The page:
What does all this mean for burgers? From the Bang for your Burger Buck perspective it means you can feast for well under the $8 mark. But you wouldn’t assume that from glancing at Grub Street’s 50 most important burgers list, where the average burger price should set you back deep into the high teens. This list and the burgers often mentioned by New Yorkers and the food media reflect more the state of our current burger Renaissance, tipped heavily in favor of the Chef’s evolution of the burger. And this should not surprise as New York is the home of the DB Burger, that temple of burger decadence, whose price tag rises and falls with the market value of black truffles. The burger that would transform an American Classic into “serious food” worthy of every Chef’s attention. But there is more to the NYC burger scene than a $35 burger. Look beyond that bling and you will discover a “pub/bar style burger”, more thick than wide, priced for the masses and most satisfying to the soul. I first encountered this type of burger some 11 years ago at the venerable Corner Bistro in the West Village, a gorgeously dark old school watering hole, whose cheap beer becomes as instrumental as their salamander that churns out charred thick patties at a perfect medium rare, at all hours. Corner Bistro uses a rather nondescript sesame seed bun, but more often than not around town, I find a potato roll is in play. Toppings offered will be at the proprietors discretion, usually something along the lines of the traditional lettuce, tomato and onion line up, but the heart and soul of the New York Pub/Bar burger is a thick, charred meatballesque type of patty, cooked to temp, on a potato roll. Not so huge when held with both hands, but widen your jaw you shall, in taking that inaugural bite. A simple, effective burger that pops up in good frequency in the city that never sleeps. All you need to do is find one that’s within your walking, or stumbling radar.Located in the Lower East Side, a local barista who could simultaneously curse at a bridge and tunnel customer while making the flowery shapes in a cappuccino, described Mikey’s as a burger spot to go to after an evening of heavy imbibing. She said it in an informing vs condescending way, perhaps to steer me to a more refined, chef style burger. And I took her advice. Funny thing about Bang for your Burger Buck is that sometimes an extra buck here and there is so worth it, but sometimes, often times, you’re fooling yourself. Piano’s up the street makes some decent burgers, like a grass fed patty topped with a beautifully blended cream and blue cheese sauce, but the price tag aint nothing to brag about. Feeling not quite complete and being the committed burger journey man that I am, I swooped into Mikey’s immediately after and decided that $6.50 would be money well spent to see if this “drunk burger” would be a waste of my time. Bang for your Burger Buck is also about limiting excess, though that’s more about price than consumption. I find extra meat to be needless on a burger. In fact it feels gross just typing that. But I also like corned beef hash, scratch that, I love corned beef hash and being a sucker for ordering a namesake on the menu, I committed myself to what could have been a sheer burger atrocity. I’ll further those stakes, the stuff wasn’t even corned beef hash . . it was strips of corned beef, sans potatoes, sauteed in a sort of South of the border Mire Poix of onions and spices. It should have been so so wrong. Instead, it was awesome as those burgers look in the Carl’s Jr commercials, albeit without the model in the mix. I suppose evoking Carl’s Jr is wrong as well – ok look let’s just get to the burger . . . The heart and soul of this rogue burger combo works like a Jackson Pollock painting: the collision of the ingredients appears random but it is also intentional. I chose this burger for price, naturally, but also because I love the taste of corned beef hash. When it comes to the one and only CBH, I don’t like surprises, hell I’ll take what comes in the canned version before any other deviation comes into play like, gulp, flannel hash. Yet that corned beef hash was far from the standard issue, and what still remains an absolute head scratcher for me, is that I liked it anyways. The strips of corned beef are bathed in a shimmering pan of spices, my guess would be an earthy deseeded chile pepper, like guajillo or pasilla, perhaps a sprinkle of cumin or coriander, or both. Add the tender rings of onion into the mix and suddenly this corned beef hash bore more of a resemblance to beef barbacoa than the diner breakfast staple. Now I said earlier that burgers don’t need meat as a co star. And I’ll stick behind that statement, but what happened on the Mikey burger wasn’t just a couple strips of bacon thrown in, or, perhaps more comparable, a scoop of chili con carne. The burger took on a rich earthy layer of flavor, a deeply savory essence usually seen in the moles of Oaxaca, and stayed second fiddle to the burger. Ladies and Gentlemen, we have a worthy burger co star.Pivotal to the success of the Mikey burger is that all this glorious excess of flavors remains contained by the potato bun. And that pay off can be seen squarely on that bottom half, shown above. This accumulation of jus and bold seasonings is reminiscent of a French Dip or an Italian Beef, a sight of delight for sober and inebriated diner alike. As massive as it all seems, this burger weighs in somewhere around 4 ounces, post cooking weight. Decadent but not life altering, the Mikey is built for return visits. Returns built with ensured consistency of a well cooked burger by design. If the thick meatball style burger patty has detractors, they surely aren’t the kind who appreciated this:If you likey the Medium Rare, than you likey the Mikey, my friends. And as silly as that last line sounds, there really isn’t a whole lot more to it than that. Thick burgers come out well charred and medium rare more often than their flattened counterparts. For the true beef lover on a budget, the NYC pub/bar style burger could be the ultimate under $10 meal. And at $6.50 a pop for the Mikey, you can’t afford not to have one.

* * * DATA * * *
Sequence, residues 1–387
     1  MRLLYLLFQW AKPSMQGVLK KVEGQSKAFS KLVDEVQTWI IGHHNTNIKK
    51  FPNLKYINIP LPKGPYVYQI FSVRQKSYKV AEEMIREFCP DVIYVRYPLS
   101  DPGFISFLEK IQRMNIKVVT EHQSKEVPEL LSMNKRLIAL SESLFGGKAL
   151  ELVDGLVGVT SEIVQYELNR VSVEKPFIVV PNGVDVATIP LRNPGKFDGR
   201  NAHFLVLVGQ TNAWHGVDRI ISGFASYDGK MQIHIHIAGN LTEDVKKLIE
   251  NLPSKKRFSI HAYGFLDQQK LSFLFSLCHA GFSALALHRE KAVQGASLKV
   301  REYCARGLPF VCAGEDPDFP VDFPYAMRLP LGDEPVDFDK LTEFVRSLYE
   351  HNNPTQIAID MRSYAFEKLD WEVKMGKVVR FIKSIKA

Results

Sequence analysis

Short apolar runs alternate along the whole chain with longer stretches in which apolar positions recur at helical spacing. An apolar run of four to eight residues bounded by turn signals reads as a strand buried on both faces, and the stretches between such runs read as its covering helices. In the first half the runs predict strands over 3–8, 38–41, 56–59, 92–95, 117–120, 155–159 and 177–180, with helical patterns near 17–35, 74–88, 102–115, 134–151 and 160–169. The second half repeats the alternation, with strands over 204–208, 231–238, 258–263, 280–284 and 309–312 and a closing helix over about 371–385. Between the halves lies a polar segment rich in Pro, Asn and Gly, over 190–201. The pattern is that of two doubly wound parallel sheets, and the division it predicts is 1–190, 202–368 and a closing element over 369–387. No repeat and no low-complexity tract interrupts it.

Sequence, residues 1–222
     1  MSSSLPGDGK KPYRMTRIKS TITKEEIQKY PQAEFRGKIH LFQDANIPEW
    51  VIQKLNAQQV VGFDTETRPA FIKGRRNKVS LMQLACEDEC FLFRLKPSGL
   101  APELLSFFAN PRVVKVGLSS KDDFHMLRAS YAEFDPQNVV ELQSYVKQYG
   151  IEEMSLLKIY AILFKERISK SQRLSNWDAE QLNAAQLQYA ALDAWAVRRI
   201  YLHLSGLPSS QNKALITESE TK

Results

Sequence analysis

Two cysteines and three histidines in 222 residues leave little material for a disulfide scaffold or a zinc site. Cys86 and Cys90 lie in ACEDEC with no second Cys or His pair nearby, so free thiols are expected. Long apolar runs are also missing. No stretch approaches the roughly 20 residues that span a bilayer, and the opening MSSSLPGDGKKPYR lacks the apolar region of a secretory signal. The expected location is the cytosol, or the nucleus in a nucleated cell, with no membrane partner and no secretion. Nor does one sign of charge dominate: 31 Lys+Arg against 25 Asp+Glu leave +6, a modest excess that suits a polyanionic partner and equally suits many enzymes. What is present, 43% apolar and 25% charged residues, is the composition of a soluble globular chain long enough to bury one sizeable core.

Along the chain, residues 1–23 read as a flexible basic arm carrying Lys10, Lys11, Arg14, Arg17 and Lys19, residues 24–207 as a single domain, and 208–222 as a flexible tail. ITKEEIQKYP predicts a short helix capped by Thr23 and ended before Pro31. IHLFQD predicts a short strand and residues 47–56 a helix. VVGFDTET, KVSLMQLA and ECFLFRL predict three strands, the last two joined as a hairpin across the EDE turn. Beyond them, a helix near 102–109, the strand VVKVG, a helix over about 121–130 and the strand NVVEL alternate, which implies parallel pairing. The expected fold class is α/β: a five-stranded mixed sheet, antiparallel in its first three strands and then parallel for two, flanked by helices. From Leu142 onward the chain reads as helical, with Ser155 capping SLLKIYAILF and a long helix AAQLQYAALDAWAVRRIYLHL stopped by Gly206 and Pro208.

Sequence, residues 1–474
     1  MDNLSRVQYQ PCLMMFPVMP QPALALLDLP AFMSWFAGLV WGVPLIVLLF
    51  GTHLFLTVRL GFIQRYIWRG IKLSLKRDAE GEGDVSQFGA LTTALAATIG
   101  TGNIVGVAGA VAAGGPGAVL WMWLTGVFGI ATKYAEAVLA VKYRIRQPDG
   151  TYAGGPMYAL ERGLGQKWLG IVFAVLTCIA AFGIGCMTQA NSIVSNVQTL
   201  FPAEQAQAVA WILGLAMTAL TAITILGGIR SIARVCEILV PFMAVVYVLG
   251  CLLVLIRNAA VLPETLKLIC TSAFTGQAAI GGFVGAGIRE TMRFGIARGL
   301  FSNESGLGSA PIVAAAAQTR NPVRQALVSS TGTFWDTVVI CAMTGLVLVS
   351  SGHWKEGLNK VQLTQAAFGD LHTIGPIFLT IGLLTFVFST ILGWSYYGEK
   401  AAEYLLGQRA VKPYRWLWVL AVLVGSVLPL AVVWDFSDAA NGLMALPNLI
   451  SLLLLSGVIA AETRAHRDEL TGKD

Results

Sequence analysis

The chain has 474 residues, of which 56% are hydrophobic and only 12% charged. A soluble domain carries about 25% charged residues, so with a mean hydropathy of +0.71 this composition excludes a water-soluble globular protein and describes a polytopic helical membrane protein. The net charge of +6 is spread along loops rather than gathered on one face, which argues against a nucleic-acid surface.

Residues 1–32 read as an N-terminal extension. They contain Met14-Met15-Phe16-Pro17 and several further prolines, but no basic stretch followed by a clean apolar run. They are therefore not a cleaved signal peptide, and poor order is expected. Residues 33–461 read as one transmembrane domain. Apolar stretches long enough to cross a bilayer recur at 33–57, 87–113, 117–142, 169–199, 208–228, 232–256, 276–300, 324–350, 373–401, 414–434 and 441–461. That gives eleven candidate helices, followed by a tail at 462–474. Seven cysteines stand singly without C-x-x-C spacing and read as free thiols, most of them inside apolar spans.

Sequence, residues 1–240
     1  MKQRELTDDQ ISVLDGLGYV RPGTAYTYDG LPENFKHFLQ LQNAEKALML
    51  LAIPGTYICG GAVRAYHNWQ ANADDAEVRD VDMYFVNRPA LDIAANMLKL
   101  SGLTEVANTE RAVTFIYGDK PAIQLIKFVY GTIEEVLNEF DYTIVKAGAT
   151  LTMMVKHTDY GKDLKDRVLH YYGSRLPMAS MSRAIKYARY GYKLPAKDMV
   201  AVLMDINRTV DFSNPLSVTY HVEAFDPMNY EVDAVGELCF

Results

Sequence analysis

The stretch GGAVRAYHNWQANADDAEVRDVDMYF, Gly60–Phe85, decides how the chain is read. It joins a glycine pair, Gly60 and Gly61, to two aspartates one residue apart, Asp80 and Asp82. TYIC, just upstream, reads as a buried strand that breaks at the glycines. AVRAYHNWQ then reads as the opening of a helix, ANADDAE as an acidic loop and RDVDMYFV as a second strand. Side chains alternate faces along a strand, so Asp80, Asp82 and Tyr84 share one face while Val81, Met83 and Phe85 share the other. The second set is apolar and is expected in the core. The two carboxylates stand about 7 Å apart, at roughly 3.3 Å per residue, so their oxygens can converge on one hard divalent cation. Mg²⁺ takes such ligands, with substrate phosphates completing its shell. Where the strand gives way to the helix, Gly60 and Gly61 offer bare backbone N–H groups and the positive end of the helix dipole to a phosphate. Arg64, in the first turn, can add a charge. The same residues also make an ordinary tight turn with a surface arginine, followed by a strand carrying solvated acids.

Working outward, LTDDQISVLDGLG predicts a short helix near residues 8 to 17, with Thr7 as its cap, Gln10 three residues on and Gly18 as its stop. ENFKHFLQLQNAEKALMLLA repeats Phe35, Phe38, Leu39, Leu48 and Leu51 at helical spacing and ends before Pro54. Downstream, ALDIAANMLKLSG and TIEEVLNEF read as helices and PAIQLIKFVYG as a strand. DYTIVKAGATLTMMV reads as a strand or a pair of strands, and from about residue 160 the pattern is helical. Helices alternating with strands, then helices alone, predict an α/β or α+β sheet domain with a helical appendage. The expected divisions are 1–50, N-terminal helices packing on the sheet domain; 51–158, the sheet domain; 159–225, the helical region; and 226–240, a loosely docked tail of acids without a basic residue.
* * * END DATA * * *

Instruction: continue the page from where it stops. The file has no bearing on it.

There are many burger joints in NYC, many burger styles abound. Yet in this surplus of burger styles, oft over looked and under appreciated in those burger round ups are those meatballesque burgers like Mikeys: the pub/bar style burger. Its size and shape allow for a well charred beefy treat, its traditional potato bun can take any concept a NYC chef can come up with. It becomes a perfect canvas for nimble and creative cooking, cornerstones of what it means to dine in New York. The very idea of corned beef hash on a burger screams of excess. The actual CBH Mikey’s uses could be called an abhorrent deviation to what we know the breakfast staple to be. It shouldn’t work, and yet it does, and it costs $6.50. What madness could have conspired to create a veritable Frankenstein of burgers and make for a memorable meal? Well, that’s New York for ya. Turn the corner and you could very well find of a burger worthy of your time, with some bang for your buck no less. Maps are silly things when it comes to New York City. Their way of breaking down a city into streets, avenues and numbers just doesn’t work in a town where emotion and creativity erupt block after block. Perhaps a Jackson Pollock painting could do a better job in laying out NYC in a 2D setting. It certainly can describe the Mikey – the way that mustard sauce is dripped on is 100% Pollock. Mikey’s isn’t a stand out burger in New York, it’s a testament to a brilliant burger style. It is an example of why the New York dining scene came to be regarded as the arguably the best in the world: they can make anything, they can make it good and you will you come back for more.
Mikey’s is all of those things. And it is Bang for your Burger Buck too.
134 Ludow St.
New York, NY 10002